Writing a personal statement is an important part of applying for law school. Most law schools have many applicants to choose from; your best bet of getting in is an application that sets you apart from all the others. If your grades and LSAT scores are not spectacular enough to do this, you will need to rely on your personal statement to draw the distinction.
Of course, this means that for most people, there is a lot riding on their personal statement. Here are some tips for writing a personal statement that will get you into law school.
What do law schools look for in a personal statement?
One of the best ways to make sure your personal statement passes muster is to look at it from the law school’s point of view. The admissions board uses each personal statement to help them determine whether the writer would be an asset to the school – something a student’s academic record alone cannot always tell them.
To have a shot at law school, you will need to make sure your personal statement:
- Fully satisfies the question(s). Although law schools usually ask more general questions, such as what made you want to become a lawyer, some schools will require that your personal statement answer more specific questions. For example, if the admissions board asks why you want to attend their school, your personal statement will need to fully answer that question.
- Demonstrates why you will be a good lawyer. The admissions board doesn’t want to admit students who lack the ability to perform well at their school or in the field. Specifically, the board will appreciate personal statements that demonstrate qualities such as strong leadership skills, good organization, the ability to follow through, and dedication to practicing law.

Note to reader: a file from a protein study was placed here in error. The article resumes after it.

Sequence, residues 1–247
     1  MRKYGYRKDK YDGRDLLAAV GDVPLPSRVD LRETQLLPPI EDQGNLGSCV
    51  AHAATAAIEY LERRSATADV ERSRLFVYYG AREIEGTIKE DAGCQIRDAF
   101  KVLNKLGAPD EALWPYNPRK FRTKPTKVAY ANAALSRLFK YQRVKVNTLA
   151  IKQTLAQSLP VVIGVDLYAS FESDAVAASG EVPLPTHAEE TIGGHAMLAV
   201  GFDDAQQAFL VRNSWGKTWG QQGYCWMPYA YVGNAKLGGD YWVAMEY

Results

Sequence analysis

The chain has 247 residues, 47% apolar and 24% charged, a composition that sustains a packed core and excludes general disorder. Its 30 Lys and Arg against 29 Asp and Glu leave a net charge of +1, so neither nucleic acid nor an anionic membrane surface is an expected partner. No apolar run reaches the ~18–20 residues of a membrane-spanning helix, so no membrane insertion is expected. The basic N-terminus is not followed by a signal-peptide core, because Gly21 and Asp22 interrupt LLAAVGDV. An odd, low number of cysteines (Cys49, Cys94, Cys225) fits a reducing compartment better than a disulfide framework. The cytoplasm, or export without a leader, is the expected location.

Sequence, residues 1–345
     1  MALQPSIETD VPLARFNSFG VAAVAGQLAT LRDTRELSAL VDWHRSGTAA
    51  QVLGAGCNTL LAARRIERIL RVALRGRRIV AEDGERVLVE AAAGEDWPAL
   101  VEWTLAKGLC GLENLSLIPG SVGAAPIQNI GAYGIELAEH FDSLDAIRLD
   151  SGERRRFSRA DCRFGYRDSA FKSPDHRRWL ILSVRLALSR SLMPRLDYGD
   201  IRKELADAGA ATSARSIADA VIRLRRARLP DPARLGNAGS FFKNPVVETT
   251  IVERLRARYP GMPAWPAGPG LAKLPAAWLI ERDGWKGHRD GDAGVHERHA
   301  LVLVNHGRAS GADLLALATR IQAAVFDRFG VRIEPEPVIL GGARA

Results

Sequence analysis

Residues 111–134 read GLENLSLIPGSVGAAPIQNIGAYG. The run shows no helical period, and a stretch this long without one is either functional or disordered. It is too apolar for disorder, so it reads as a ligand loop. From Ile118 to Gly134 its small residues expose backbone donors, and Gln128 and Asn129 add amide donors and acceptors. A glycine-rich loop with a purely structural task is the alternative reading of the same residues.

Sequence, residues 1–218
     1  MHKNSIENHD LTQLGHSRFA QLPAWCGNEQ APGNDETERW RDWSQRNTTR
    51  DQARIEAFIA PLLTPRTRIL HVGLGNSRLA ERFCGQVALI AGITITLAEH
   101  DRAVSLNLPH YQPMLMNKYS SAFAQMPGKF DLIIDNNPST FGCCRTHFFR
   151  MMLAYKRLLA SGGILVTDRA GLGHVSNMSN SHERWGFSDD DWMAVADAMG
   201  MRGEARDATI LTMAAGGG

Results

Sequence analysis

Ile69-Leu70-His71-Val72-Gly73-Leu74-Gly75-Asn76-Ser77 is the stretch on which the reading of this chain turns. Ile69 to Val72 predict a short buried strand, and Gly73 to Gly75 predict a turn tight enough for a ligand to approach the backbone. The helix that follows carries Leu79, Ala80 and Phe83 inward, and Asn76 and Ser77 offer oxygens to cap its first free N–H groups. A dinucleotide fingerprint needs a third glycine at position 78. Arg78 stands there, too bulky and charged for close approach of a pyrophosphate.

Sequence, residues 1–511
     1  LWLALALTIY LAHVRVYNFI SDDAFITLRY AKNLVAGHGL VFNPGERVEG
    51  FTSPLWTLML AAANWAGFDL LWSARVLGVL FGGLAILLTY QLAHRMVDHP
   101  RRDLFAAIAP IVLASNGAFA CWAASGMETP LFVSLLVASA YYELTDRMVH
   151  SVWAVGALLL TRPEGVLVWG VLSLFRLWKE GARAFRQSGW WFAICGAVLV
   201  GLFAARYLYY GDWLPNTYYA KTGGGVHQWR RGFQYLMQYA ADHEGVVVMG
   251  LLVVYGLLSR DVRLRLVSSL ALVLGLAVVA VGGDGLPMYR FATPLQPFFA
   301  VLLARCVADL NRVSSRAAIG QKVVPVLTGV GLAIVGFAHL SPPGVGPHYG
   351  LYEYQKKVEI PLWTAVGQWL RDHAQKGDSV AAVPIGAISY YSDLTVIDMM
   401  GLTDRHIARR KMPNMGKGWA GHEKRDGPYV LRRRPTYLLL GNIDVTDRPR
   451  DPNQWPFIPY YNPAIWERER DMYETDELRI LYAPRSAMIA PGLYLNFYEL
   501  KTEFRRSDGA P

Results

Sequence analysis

- Outlines your career goals. Your personal statement should demonstrate to the admissions board that you have thoroughly considered your career options. A law student with career goals is presumably more dedicated to successfully completing the program than a student with no plans for the future.
- Shows real-world experience. A student who is genuinely interested in practicing law will not have developed that interest in a bubble. Your personal statement should demonstrate that you have pursued related experience in the real world. This might be activism and/or leadership in causes that are important to you, fundraising, internships, or even a related part-time job.
- Sets you apart from other applicants. Don’t forget that you are competing against many other students with similar academic records and experience. Use techniques that will make your personal statement stand out in your reader’s mind, such as storytelling and unique, personal details.
Tips for writing a winning law school personal statement:
A successful personal statement needs to do more than simply answer the concerns of the law school’s admissions board. In order to merit an acceptance letter, your personal statement needs to:
- Use correct spelling and grammar. Errors in your work won’t impress anyone, but especially not an admissions board that has their school’s reputation in mind.
- Employ storytelling. A personal statement that reads like a resume will interest no one. Telling unique stories to demonstrate your interest in the field makes a more memorable impression by painting a more vivid picture of yourself.
- Hook the reader right away. The introduction is the most important part of your personal statement, as sets the reader up for what is to follow. The more interesting and promising your introduction is, the higher your chances of impressing the admissions board.
- Be written with the specific school in mind. Don’t make the mistake of sending the same generic personal statement out to all the law schools on your list. If your personal statement doesn’t answer a specific question, or seems to be written with a different question in mine, the admissions board will notice. Your personal statements may be similar to one another, but each one should be written to satisfy the recipient’s specific requirements.
Write about what you know.
No doubt you have heard the cliché, “Write what you know.” The same applies when you are applying to law school. Your personal statement is, above all, intended to give the admissions board a better idea of who you are as a person. In other words, while it is still important to write and organize your personal statement well, fully answer the questions asked, and make a memorable impression, it is equally as important to remember to be yourself.